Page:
What do you do ?

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I would retain the full value. When it's translated to effort you don't want a round up error. The full value will look fine on a report. - Royce]]>

When you report a number (like adjusted FP) that is based on components that are made up of integers (3,4,6, 4,5,7, 7,10,1, 5,7,10) it is statistical folly to even profess an accuracy (or precision!) that is closer than +/- 50% of the largest granularity number that goes into the mix. (I.e., +/- 50% of 15 is 7.5 so uFP is really no more accurate than +/- 7.5 FP).

When you then multiply the uFP by a two decimal point number, it is even more misguided to introduce a decimal point into the mix - this "pretends" we have some magical accuracy out of the multiplication process (ref: How to lie with statistics!) As if you can gauge even a single FP let alone a fraction of one.

It gets even worse when we are "estimating" thee function points from incomplete requirements which further introduces inaccuracies into the mix. We are doing our customers a disservice when we report anything but integer results.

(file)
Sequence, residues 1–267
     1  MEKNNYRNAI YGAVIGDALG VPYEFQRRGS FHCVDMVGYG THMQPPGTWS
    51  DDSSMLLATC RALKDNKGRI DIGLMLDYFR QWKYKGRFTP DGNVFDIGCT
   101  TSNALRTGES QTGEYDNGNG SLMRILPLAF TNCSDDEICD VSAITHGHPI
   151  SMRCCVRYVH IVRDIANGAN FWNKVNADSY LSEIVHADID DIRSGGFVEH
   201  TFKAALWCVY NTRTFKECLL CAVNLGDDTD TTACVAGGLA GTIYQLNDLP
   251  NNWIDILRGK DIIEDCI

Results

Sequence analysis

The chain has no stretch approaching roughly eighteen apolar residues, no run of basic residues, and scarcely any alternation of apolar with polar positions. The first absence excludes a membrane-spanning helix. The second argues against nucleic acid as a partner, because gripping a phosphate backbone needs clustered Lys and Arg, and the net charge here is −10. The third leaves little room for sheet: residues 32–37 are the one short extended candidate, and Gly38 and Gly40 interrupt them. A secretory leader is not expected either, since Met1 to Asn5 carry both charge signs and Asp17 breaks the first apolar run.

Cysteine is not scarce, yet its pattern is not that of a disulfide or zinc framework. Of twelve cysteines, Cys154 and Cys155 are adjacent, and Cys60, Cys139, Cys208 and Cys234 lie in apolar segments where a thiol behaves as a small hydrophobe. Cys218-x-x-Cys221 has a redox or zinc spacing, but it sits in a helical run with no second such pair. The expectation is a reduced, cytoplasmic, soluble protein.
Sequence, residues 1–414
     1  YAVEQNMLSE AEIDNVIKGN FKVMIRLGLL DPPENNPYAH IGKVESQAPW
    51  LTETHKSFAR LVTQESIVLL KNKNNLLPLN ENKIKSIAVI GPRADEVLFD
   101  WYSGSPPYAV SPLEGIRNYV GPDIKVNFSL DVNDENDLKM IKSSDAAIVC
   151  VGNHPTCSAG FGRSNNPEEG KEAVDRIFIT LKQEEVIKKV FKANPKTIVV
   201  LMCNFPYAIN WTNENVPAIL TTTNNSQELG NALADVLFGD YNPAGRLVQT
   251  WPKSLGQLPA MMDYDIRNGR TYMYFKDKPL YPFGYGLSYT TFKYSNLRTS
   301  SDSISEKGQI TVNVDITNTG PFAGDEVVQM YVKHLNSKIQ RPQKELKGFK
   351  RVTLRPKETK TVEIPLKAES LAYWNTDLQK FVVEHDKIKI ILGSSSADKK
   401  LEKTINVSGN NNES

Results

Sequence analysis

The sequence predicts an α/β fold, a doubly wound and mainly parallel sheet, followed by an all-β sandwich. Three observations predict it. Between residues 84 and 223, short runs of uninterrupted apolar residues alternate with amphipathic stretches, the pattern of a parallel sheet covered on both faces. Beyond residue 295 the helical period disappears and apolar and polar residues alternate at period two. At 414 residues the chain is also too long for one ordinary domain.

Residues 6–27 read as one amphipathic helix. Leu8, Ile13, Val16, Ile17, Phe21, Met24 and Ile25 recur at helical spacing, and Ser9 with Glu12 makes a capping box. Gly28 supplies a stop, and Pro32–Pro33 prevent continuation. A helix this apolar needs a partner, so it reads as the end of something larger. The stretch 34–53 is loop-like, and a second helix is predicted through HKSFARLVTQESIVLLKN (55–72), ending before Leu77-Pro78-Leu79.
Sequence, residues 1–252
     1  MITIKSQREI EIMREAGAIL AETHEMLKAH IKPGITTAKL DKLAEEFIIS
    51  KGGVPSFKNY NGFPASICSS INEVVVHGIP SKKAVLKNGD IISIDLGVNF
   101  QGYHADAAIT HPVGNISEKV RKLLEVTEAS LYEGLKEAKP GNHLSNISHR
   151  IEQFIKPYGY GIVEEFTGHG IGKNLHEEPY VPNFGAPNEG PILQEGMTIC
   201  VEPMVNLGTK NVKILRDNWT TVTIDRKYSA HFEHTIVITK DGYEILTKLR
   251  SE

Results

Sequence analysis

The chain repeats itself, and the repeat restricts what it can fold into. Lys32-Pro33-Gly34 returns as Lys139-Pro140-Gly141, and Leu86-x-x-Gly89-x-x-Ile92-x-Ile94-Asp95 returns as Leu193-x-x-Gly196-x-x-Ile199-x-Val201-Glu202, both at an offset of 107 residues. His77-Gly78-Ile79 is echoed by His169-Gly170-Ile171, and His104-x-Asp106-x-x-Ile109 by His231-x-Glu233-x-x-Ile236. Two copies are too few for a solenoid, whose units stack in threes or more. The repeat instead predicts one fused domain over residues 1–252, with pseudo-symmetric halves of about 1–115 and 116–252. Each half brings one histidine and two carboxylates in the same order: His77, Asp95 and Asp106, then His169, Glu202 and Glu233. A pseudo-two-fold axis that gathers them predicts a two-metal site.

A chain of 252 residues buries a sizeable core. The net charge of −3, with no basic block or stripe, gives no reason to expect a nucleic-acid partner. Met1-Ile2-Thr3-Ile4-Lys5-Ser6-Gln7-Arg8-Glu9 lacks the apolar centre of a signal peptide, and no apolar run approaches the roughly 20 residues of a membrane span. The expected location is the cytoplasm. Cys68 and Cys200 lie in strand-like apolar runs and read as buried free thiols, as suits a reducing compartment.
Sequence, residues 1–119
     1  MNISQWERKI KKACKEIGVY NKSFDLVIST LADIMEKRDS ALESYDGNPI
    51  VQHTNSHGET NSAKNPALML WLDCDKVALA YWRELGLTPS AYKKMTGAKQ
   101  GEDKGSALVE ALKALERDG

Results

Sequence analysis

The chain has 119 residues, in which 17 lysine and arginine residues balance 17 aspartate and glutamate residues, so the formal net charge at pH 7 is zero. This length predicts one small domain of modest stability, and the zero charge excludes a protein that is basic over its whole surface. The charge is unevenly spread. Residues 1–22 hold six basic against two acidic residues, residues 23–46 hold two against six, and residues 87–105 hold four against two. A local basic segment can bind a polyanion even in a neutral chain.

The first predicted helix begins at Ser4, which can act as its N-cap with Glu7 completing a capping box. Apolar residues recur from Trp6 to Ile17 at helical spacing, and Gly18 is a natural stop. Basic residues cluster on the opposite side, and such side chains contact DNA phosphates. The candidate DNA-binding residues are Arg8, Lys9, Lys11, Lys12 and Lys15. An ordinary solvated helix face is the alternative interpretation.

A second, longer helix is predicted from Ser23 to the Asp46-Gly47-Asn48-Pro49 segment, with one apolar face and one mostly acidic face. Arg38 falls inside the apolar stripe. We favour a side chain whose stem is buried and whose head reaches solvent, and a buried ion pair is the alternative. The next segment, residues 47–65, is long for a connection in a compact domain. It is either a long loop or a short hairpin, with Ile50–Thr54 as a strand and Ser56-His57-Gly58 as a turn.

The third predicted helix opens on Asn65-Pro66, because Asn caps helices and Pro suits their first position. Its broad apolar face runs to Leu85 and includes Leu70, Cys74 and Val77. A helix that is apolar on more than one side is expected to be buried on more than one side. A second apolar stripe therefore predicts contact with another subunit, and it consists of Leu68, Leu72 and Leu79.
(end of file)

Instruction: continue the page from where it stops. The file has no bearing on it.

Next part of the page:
No wonder when people say that their estimate is 100.1 FP that the project team rolls their eyes and management thinks we are wizards! We have to start acting our age when it comes to metrics and what we communicate!

This is a long answer to your short question, but I would never report the decimal place. Go with 100 FP and you'll find that the consequences lead to higher reliability on the part of the business and to your credibility.]]>

Let's use simple maths here. If the value is equal to or greater than .5, you have an advantage to round it up to 1 but if value is lesser than .5 then it's advisable to round it down. In your case you should take value as 100 not 101.

Hope this answers your question.

Regards,

Faisal Shakeel]]>